The promise, or specter — depending on your philosophical bent — of artificial intelligence has spellbound science fiction readers for generations. A machine that thinks like a human is both a thrilling and terrifying concept.
Today, forms of mechanical intelligence surround us daily, from vending machines to smartphones to supercomputers. Computers now routinely beat humans at games of chess, backgammon and checkers, are superior at driving a car, performing mathematical calculations or retrieving vast quantities of data.
However, humans still have the edge at things like recognizing hand-drawn characters or numbers, translation into different languages, experimental learning, the relevancy of information, conceptual thinking and understanding complex speech. Computers and organic brains work entirely differently, with computers running on a series of binary switches, while brains work on a quadrillion of interconnected biochemical neural synapses. Most importantly, human brains are remarkably energy efficient, consuming a small fraction of the energy that electronic brains do.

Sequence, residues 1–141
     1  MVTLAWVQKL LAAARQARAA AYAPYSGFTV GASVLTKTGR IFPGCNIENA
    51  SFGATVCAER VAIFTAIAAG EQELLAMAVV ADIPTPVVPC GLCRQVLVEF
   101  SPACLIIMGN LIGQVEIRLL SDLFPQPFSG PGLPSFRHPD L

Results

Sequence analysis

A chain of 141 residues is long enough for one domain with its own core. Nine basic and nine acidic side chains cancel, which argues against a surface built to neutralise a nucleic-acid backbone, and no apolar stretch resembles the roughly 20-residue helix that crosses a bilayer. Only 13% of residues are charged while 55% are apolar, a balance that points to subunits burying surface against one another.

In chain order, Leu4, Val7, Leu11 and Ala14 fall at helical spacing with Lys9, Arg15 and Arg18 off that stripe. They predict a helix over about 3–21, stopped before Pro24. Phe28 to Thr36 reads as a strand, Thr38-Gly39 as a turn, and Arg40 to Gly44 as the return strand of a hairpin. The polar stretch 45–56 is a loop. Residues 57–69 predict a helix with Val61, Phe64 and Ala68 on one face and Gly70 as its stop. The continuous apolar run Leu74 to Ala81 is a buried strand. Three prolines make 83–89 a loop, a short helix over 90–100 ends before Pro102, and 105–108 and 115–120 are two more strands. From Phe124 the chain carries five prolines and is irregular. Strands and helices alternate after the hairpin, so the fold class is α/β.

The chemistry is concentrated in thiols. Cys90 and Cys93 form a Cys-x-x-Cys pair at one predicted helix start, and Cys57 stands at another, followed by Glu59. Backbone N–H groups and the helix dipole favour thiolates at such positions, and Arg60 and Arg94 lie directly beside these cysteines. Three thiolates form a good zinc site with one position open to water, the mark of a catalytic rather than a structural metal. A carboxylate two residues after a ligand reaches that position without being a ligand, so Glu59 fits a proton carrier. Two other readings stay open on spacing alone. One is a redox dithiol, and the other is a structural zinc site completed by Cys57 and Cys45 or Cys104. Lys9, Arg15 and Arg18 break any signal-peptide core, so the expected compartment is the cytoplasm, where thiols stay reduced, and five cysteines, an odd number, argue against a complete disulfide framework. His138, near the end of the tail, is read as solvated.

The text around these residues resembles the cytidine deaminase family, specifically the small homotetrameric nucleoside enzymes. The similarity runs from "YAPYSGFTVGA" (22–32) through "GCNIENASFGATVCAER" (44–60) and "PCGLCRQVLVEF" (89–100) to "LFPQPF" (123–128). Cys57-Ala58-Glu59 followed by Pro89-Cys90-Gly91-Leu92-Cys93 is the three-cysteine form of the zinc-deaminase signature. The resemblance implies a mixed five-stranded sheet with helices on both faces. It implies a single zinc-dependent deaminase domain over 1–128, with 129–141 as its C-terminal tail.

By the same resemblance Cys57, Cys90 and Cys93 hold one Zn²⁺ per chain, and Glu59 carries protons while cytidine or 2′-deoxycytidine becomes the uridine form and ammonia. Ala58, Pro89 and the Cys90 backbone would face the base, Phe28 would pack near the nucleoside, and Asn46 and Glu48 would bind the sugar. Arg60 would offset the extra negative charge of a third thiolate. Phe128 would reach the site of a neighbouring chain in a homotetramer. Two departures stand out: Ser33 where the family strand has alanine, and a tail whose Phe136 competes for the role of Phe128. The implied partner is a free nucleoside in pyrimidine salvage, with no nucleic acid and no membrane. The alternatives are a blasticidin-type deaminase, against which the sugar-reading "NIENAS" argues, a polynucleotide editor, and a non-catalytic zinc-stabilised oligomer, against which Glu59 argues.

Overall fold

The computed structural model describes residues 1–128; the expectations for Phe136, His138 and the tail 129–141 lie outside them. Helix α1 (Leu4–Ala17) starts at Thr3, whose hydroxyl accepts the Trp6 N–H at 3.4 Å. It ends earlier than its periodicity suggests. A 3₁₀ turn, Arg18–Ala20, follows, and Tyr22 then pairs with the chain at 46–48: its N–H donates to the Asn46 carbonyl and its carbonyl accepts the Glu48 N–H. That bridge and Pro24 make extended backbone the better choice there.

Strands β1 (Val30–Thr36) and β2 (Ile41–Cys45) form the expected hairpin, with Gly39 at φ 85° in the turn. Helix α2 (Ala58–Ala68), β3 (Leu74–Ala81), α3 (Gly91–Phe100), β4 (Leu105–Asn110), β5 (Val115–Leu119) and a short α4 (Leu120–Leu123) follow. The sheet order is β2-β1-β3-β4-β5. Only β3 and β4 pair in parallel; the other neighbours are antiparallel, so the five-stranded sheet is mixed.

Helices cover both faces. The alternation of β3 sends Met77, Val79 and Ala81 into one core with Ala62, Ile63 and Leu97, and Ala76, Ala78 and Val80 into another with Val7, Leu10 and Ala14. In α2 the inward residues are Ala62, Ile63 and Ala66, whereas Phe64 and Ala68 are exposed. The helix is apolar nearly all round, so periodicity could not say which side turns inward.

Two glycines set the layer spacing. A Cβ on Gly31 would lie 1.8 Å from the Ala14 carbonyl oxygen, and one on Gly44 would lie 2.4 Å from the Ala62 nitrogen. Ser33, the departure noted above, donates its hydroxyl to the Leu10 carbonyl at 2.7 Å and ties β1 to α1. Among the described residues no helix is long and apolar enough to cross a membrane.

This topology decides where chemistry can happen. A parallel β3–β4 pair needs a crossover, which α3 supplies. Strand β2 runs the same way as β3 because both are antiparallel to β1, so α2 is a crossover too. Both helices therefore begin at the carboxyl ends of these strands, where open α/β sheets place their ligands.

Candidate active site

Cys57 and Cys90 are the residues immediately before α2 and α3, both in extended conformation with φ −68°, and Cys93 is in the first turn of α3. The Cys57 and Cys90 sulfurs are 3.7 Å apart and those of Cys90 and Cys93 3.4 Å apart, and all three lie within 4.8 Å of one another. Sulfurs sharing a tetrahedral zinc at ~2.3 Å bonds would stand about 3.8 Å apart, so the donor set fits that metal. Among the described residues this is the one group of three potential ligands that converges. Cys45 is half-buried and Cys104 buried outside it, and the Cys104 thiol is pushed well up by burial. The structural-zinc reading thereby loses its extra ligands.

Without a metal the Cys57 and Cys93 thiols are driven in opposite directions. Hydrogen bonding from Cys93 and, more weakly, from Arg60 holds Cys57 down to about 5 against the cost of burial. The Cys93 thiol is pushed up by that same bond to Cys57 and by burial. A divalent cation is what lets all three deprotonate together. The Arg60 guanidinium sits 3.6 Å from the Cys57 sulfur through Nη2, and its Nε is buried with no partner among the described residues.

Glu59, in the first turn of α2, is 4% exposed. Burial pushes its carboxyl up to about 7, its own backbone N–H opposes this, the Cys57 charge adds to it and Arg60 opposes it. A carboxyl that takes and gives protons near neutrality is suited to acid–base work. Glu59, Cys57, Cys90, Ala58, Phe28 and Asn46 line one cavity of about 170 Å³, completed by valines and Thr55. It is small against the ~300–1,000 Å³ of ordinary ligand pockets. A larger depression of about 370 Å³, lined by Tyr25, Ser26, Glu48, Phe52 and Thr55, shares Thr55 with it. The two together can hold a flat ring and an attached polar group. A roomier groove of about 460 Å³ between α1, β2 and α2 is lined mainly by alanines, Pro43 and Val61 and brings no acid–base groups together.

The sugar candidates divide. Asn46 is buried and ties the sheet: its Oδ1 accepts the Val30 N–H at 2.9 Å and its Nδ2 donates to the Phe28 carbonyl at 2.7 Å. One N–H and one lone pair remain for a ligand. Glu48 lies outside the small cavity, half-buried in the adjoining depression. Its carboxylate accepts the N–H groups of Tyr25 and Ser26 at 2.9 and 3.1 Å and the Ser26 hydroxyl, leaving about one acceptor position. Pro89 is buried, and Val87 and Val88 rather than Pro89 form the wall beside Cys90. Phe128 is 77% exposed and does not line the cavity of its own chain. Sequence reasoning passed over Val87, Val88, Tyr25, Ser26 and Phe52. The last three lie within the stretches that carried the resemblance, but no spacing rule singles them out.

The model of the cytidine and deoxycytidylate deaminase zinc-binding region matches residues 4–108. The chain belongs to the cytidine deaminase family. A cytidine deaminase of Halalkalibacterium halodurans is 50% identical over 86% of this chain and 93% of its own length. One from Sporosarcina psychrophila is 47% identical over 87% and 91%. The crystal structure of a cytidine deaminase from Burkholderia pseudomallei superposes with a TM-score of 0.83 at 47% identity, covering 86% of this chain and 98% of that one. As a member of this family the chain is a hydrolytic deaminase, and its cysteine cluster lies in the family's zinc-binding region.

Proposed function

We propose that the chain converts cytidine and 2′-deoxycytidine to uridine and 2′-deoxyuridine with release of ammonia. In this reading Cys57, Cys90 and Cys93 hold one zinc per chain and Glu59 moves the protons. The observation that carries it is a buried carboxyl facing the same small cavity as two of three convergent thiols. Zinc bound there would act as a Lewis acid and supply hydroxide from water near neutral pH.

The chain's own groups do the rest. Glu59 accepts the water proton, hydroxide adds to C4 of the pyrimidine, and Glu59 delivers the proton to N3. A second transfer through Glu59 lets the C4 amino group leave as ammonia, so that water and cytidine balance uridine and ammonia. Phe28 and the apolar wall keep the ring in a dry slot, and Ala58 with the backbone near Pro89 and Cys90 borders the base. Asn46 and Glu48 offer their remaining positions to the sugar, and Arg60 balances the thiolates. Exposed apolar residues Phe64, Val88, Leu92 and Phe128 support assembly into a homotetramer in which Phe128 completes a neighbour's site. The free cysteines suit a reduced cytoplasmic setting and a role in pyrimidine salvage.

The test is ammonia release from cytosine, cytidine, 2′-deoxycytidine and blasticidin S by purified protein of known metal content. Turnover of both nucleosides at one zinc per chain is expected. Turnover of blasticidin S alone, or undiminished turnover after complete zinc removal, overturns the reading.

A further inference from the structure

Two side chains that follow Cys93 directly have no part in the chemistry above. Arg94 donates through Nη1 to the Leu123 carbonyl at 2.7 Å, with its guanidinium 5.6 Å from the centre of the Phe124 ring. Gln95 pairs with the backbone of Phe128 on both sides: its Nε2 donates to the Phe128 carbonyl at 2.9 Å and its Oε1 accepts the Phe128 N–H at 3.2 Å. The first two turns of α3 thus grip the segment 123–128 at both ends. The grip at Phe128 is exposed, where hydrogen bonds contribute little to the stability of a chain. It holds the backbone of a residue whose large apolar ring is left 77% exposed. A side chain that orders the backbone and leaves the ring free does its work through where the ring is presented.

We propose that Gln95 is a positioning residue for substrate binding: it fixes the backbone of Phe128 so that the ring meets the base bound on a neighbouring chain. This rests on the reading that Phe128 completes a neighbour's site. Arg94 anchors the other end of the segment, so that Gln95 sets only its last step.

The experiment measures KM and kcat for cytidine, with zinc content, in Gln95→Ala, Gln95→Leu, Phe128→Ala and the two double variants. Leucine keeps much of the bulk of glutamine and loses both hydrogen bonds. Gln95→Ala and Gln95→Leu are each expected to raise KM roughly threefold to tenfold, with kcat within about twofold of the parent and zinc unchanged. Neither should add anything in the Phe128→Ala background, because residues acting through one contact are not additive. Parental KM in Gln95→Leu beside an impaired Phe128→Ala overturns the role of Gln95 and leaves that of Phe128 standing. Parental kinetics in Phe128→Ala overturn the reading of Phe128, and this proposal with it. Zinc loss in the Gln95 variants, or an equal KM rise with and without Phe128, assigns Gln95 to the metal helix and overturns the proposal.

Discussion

Now, scientists in South Korea have announced they have developed artificial synapses that are far more energy efficient, rivalling biological synapses. Tae-Woo Lee is a professor at the Pohang University of Science and Technology, who developed the new technology.
Tae-Woo Lee joined Monday 8 O’Clock Buzz host Brian Standing to speak about the breakthrough and its implications.